Hardly news, I know, but ZDNet has an excellent article on the subject. It sums up the current state of affairs between the various motion picture acronyms (DCCA, MPAA, DMCA) and the open-source peeps who cracked that other acronym (CSS) and started this whole thing.
The article goes into a lot of detail regarding the DMCA (Digital Millenium Copyright Act) and the downright ridiculous rights it gives to copyright holders (including making reverse engineering or, theoretically, taping TV shows on a VCR, illegal acts). It basically paints the movie groups involved as a bunch of dumbasses, and given the points made in the article, it's difficult not to agree.
The scary thing is that the courts seem to be siding with them, taking the DMCA as gospel instead of as a poorly written law that needs to be challenged (and, more than likely, subsequently struck down or revised). I think some judges need to fire up the DVD player of their choice and watch a little bit of 1984.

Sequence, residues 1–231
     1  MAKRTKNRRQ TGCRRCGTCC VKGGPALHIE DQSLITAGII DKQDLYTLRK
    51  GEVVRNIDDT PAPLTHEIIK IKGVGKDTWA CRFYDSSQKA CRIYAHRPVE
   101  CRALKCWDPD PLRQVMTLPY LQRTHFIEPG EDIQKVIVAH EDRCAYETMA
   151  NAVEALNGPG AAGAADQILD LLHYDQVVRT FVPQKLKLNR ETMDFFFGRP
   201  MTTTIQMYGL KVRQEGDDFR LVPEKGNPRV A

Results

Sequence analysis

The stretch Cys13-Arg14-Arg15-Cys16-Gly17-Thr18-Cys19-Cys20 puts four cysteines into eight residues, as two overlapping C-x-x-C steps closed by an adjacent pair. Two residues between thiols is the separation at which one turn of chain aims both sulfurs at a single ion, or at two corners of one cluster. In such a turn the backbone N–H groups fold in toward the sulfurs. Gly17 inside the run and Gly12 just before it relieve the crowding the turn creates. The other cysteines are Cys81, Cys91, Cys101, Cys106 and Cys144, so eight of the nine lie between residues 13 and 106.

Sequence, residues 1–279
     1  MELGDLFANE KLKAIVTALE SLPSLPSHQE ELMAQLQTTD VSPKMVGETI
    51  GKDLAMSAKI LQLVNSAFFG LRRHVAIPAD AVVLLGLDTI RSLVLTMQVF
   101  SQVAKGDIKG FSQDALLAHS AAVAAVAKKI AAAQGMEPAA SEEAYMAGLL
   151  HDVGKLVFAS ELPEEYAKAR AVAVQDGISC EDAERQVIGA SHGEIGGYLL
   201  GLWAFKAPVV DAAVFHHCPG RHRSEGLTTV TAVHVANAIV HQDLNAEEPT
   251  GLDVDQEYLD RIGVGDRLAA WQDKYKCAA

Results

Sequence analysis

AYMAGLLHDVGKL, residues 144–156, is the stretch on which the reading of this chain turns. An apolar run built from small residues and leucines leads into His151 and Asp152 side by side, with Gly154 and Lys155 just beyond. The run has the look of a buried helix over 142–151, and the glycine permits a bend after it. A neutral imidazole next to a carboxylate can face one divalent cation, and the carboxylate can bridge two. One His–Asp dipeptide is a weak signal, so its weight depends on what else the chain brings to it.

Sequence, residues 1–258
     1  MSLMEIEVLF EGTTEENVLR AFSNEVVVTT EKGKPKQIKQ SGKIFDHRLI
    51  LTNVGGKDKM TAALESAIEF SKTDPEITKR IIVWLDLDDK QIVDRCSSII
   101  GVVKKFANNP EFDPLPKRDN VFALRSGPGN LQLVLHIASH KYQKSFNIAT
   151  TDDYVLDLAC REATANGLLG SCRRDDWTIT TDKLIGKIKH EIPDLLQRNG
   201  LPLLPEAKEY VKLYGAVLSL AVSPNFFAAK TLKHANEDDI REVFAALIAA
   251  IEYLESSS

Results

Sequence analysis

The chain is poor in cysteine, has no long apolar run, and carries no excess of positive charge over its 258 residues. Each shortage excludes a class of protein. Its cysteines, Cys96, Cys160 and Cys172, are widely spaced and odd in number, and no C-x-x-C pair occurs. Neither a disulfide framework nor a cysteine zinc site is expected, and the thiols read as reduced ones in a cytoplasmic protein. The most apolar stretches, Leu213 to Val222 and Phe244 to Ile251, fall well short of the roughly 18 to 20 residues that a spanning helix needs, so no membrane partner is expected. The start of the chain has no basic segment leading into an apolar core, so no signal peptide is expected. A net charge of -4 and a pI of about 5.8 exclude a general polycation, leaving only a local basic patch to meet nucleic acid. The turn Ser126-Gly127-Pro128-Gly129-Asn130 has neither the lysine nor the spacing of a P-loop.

|TR's 2017 Christmas giveaway: four days left and counting||2|
|Go frameless with AOC's G90 FreeSync gaming displays||2|
|Intel delivers huge bandwidth boost to Stratix 10 MX FPGAs with EMIBs||1|
|Samsung CHG displays are the first to net DisplayHDR 600 certification||5|
|Acer details specs and prices of its Ryzen Mobile-powered Swift 3s||19|
|Google Project Tango is dead—long live ARCore||10|
|Thermaltake Sync box bridges RGB LED walled gardens||3|
|Intel tips off potential 960 GB and 1.5 TB Optane SSD 900Ps||8|
|Sapphire Nitro+ Radeon RX Vegas put a big chill on spicy-hot chips||27|
|TR Santa was kind to me last year, so in lieu of entering I wish you all a happy RNG!||+10|